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21 From 12 – The Beatles Cover Versions

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These are 21 songs on the 12 original British albums by The Beatles cover versions, songs that none of the Fab Four wrote.

Anna (Go to Him) (Alexander) – A 1961 single by Arthur Alexander, who also wrote it, that failed to chart.

Chains (Goffin/King) – A US Top 20 hit for the Cookies in 1962, written by the prolific husband and wife team that worked out of the Brill Building.

Boys (Dixon/Farrell) – the b-side of The Shirelles hit, ‘Will You Love Me Tomorrow’.

Baby It’s You (Bacharach/David/Williams) – Written by Burt Bacharach (music), Luther Dixon (credited as Barney Williams) and Mack David (lyrics) it was a US Top 10 hit for The Shirelles in 1961.

A Taste of Honey (Marlow/Scott) – It was originally an instrumental written for the 1960 Broadway version of the 1958 British play A Taste of Honey that was also a 1961 film. The Beatles performed Lenny Welch’s adaptation, slightly changing the lyrics, as part of their repertoire in 1962. Acker Bilk released an instrumental version in January 1963.

Twist and Shout (Medley/Russell) Written by Phil Medley and Bert Burns, who was often credited as Bert Russell in 1961 for The Top Notes and covered a year later by The Isley Brothers.

Till There Was You (Willson) – Performed by the Beatles at Royal Variety Show in 1963 it came from the 1957 Broadway show, The Music Man; a hit for Anita Bryant in 1959.

Please Mr. Postman (Bateman/Dobbins/Garrett/Gorman/Holland) – The first No.1 for the Tamla label was also the debut single by The Marvelettes.

Roll over Beethoven (Berry)Chuck Berry’s song, originally released in 1956, was a Top 30 hit on the Hot 100.

You’ve Really Got a Hold on Me (Robinson) – This had just been a Top 10 hit in America for Smokey Robinson’s group The Miracles.

Devil in Her Heart (Drapkin) – Originally recorded in 1962 by The Donays, it was not a hit.

Money (That’s What I Want) (Bradford/Gordy) – Co-written by Berry Gordy, the founder of Tamla Motown Records, with Janie Bradford it became Motown’s first hit in 1960 with Barrett Strong providing the vocals.

Rock & Roll Music (Berry) – Another Chuck Berry classic that was a big hit on the Billboard charts in 1957.

Mr. Moonlight (Johnson) – Originally recorded by blues pianist Piano Red, recording as Dr. Feelgood and the Interns. It was the B-side of a minor R&B hit single, titled ‘Dr. Feelgood, in 1962.

Kansas City/Hey-Hey-Hey-Hey! [medley] (Lieber/Penniman/Stoller) – ‘Kansas City’ written by Jerry Leiber and Mike Stoller in 1952 was first recorded by Little Willie Littlefield, under the title KC Lovin’; it was popularised by Wilbert Harrison in 1959. Little Richard also covered it and when he performed it live usually became part of a medley with his own song ‘Hey-Hey-Hey-Hey!’, which was first released in 1958 as the b-side to ‘Good Golly Miss Molly’.

Words of Love (Holly) – Written by Buddy Holly and recorded in 1957. Holly harmonized with himself, by combining tape recordings of each part. The song was not a notable hit for Holly.

Carl Perkins Blue Suede Shoes ImageHoney Don’t (Perkins) – Written by Carl Perkins, originally released in 1956 as the B-side of the ‘Blue Suede Shoes’ on the Sun label.

Everybody’s Trying to Be My Baby (Perkins) – George sings lead vocal on one of his hero’s recordings that was originally released on Dance Album of … Carl Perkins, released on Sun Records in 1957.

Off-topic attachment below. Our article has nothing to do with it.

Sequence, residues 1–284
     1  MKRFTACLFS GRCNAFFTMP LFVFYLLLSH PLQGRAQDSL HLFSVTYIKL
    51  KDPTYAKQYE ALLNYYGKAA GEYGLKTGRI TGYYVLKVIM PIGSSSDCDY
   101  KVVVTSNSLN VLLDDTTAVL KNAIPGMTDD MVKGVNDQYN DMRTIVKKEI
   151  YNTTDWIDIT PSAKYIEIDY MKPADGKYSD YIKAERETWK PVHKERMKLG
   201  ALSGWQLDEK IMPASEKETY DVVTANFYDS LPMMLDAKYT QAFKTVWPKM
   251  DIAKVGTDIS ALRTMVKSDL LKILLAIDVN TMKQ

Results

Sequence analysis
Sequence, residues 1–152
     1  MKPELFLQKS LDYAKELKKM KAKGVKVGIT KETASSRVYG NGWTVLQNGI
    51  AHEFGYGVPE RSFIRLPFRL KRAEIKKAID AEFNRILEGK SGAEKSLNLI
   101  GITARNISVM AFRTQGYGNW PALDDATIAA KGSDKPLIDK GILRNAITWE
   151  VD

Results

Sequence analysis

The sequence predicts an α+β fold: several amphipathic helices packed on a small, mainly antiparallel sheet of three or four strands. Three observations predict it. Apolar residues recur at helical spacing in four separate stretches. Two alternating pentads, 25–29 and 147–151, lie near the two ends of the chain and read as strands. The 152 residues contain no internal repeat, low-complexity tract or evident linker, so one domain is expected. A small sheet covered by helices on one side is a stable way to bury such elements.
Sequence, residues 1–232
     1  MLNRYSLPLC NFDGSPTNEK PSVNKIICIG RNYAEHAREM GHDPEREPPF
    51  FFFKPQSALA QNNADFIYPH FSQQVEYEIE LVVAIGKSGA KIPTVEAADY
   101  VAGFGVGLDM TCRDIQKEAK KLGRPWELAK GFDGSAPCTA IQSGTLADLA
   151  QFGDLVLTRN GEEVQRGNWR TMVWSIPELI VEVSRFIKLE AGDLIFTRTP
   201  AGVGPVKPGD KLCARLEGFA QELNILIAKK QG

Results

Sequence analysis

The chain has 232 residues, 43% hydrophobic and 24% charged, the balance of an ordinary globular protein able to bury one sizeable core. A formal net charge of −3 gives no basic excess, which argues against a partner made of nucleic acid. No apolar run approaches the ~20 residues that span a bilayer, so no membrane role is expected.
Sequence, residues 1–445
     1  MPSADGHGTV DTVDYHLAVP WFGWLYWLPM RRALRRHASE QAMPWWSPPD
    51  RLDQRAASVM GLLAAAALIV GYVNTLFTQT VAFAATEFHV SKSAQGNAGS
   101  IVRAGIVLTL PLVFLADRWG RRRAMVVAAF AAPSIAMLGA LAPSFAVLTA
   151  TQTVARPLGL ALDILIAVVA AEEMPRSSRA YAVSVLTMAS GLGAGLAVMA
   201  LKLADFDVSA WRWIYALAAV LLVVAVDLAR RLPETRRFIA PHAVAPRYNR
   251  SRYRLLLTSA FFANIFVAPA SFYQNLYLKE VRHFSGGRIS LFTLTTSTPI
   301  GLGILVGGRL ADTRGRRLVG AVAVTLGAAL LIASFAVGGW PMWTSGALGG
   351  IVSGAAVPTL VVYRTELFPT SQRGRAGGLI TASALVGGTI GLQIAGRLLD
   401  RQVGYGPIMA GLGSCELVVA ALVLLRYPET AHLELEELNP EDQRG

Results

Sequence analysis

Act Naturally (Morrison/Russell) – Written by Johnny Russell and Voni Morrison, originally recorded by Buck Owens and the Buckaroos, which made No.1 on the Billboard Country chart in 1963.

Dizzy Miss Lizzy (Williams) – Larry Williams wrote it and had a minor hit in 1958.

Maggie Mae (Traditional) – A traditional Liverpool folk song about a prostitute was used by song-writer Lionel Bart as the basis of a musical set around the Liverpool Docks. The show, also called Maggie May, ran for two years in London. The Beatles version was included on Let It Be in 1970.

7 Comments

7 Comments

  1. Jim Cummins

    December 26, 2016 at 10:56 pm

    I noticed that the list didn’t include their version of “Slow Down,: which was another Larry Williams song which they covered.

  2. Paul Davis

    December 26, 2016 at 11:04 pm

    No ‘Long Tall Sally’? One of their great rockers

  3. James Parker

    December 26, 2016 at 11:42 pm

    They really didn’t cover many songs outside of their own creations. To picked by them was pretty much like a nod of excellence for the writer/composer. Not many share that. I am not surprised you though, Burt. You’re right there at the top. 🙂

    • Mike

      December 27, 2016 at 6:03 am

      @James Parker

      Your comment would be more accurate if you stated The Beatles didn’t *record* too many covers for commercial release. Nearly all of the songs above were part of their live performance repertoire, which especially in their earlier days was expected to comprise mostly cover songs, with only a few originals. There were dozens, possibly hundreds more besides these. The Beatles basically covered songs they liked that they felt they could put over well. When it came to choosing covers for their records, the emphasis was primarily on the latter quality.

  4. Renie

    October 21, 2017 at 2:14 pm

    How about Matchbox?

  5. Elias wood

    October 25, 2017 at 12:13 am

    It s a pitty that they didn t put soldier of love instead of anna ….soldier of love that was composed by alexander too is much better than the boring anna.

  6. Lasse Karttunen

    December 28, 2017 at 10:04 am

    How about Bad Boy? ( I made to myself The Beatles Cover Songs-cd. It includes 24 songs, no Maggie May.)

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